Vigilante detective Emily Stone has covertly hunted down killers and closed more serial cases than most seasoned homicide cops combined. Her exceptional profiling skills and forensic techniques, along with deductive crime scene investigations, have made her a compelling force that cannot be beat.
She has reached her ultimate breaking point and now must face her toughest opponent yet – her biggest fears.
With preciseness, the Tick-Tock Killer has taken his next child victim and promised to dump the body precisely four days later, mocking police and the community. Stone struggles to balance her inner demons and ghosts from the past, against the wits of a brutal and cunning serial killer in an all-out battle of psychological warfare.
Can Stone save the next child in time? Dark Pursuit is an action-packed cat and mouse game that will take you to dark places rarely explored.
Writing in the Moment
A few years ago, I discovered the term mindfulness and incorporated it into my everyday life. It has helped me to combat my anxiety issues. It simply means what it implies. On one level, it means paying attention to details of what is going on around you at any given time, but on a much deeper level, it brings your conscious awareness to a moment-by-moment basis. It is where you pay attention to what is happening right now, but in a non-judgmental way.
Writing is a demanding, but a rewarding profession. I have found myself taking part in standard Yoga stretches to ground myself before beginning my day. I have recently taken it a step further by using the meditation technique to mindfulness to de-stress and balance my mind and body. It works wonders on writing.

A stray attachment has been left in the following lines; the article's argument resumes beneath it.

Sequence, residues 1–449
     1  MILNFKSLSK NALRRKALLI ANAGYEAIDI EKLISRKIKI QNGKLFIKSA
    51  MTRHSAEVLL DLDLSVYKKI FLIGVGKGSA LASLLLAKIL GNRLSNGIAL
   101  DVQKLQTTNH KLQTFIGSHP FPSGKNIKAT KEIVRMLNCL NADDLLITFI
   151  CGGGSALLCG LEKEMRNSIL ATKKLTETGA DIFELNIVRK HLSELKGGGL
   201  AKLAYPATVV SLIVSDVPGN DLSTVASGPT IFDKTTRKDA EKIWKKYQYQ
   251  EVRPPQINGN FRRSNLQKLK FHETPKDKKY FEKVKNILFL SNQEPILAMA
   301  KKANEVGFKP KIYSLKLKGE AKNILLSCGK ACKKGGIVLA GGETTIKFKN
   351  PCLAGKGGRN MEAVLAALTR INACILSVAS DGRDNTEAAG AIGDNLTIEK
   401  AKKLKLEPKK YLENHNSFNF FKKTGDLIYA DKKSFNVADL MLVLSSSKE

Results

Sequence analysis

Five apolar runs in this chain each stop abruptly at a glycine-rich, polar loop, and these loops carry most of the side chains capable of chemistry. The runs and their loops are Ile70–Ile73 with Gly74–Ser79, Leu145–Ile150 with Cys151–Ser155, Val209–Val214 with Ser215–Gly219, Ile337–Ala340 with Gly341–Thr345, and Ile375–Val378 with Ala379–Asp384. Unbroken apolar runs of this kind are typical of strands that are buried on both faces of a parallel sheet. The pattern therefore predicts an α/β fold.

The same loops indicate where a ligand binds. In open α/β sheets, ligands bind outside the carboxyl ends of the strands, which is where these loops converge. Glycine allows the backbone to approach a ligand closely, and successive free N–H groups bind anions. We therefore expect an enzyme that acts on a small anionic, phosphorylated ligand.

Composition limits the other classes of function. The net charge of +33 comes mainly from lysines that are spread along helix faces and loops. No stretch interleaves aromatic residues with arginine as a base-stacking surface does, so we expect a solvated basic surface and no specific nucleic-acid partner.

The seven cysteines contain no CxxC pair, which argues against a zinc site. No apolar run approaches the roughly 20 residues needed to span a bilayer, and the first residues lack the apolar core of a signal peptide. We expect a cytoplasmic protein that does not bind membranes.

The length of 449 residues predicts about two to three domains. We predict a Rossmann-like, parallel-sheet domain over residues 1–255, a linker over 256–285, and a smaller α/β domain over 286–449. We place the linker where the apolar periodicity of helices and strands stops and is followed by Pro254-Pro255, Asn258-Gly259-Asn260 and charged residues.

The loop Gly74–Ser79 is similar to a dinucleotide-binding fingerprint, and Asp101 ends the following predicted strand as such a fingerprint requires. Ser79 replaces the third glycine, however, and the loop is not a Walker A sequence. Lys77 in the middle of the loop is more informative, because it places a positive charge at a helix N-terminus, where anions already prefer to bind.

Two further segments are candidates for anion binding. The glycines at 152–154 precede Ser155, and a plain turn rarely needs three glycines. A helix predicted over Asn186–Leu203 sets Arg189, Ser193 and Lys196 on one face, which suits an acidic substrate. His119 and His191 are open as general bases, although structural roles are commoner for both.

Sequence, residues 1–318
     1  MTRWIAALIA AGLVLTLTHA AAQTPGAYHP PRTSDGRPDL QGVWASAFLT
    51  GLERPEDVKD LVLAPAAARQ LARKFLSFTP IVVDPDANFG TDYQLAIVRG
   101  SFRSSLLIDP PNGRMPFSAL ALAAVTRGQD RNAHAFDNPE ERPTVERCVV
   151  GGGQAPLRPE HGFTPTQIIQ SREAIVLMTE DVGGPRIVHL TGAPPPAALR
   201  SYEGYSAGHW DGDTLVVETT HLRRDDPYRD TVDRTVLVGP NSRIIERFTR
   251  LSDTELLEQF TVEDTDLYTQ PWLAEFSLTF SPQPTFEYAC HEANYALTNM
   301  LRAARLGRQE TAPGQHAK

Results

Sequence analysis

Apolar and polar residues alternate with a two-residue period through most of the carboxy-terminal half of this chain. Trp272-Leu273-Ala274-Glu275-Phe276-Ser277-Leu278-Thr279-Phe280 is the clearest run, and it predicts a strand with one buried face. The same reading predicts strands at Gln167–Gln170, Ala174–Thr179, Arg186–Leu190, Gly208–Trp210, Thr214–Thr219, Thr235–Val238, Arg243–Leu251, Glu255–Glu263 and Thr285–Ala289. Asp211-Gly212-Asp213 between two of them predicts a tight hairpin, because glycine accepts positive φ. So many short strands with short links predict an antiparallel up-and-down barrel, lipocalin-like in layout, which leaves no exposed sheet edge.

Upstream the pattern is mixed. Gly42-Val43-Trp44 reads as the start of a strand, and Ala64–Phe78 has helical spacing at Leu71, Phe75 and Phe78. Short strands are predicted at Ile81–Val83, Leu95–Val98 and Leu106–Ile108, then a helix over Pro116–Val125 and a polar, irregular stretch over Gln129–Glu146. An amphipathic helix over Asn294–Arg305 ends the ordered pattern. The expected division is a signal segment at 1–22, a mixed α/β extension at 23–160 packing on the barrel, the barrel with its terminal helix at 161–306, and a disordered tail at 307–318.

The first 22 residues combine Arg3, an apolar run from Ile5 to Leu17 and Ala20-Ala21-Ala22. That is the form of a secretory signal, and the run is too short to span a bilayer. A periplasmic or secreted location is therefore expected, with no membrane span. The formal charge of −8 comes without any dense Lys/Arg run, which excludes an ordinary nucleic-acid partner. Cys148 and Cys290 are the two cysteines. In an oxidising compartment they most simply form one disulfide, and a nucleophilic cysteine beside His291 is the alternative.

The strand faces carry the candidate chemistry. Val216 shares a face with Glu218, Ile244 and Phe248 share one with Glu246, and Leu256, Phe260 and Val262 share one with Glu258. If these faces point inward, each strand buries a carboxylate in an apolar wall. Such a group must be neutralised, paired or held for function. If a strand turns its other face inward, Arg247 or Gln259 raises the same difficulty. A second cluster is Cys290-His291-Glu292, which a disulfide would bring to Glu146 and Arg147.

I wanted to take the “in the moment” or “mindfulness” into my writing. I have finished my fifth Emily Stone Novel, Dark Pursuit, where my protagonist, Emily Stone, pushes new levels of suspense as she chases after serial killers. It is the feeling of being caught up in the moment where you can almost feel the killer’s breath or feel their touch.
As I briefly outlined the chapters and scenes for this book, I have found myself creating the suspense and tension of the storyline by using some simple techniques. I take a moment to view things from Emily Stone’s perspective of “in the moment” methods. It definitely gets the writing juices flowing.
For example, if Emily Stone finds a new clue that can help track down the killer, I ask myself several questions. What does she do? How will she move forward in a moment-by-moment way? What are some of the observations, emotions, and details that she can accomplish in this particular task? I break down the scene into action/reaction from beginning to end. The beginning is when she finds the clue and the end is the result I want her to accomplish. It sounds simple, but breaking it down moment by moment is challenging.
You can take this writing task a step further into your own day. Write the “in the moment” observations of a typical day. Create a scene when you run errands, watch your favorite movie, or take a lunch break with a friend. Write everything down that you observe. What are the moment-by-moment actions that happen? Decipher them. Study them. It opens up a new perspective into a storyline and you begin to see things differently.
Personally, I have found that by writing in the moment, you discover not only things about yourself, but also about your characters. The next time you feel that little procrastination writing bug nipping at you, pull back, and write in the moment.
Jennifer Chase is an award-winning author and consulting criminologist. She has authored six crime fiction novels, including the award-winning Emily Stone thriller series along with a screenwriting workbook.
Jennifer holds a Bachelor degree in police forensics and a Master’s degree in criminology. These academic pursuits developed out of her curiosity about the criminal mind as well as from her own experience with a violent sociopath, providing Jennifer with deep personal investment in every story she tells. In addition, she holds certifications in serial crime and criminal profiling. She is an affiliate member of the International Association of Forensic Criminologists.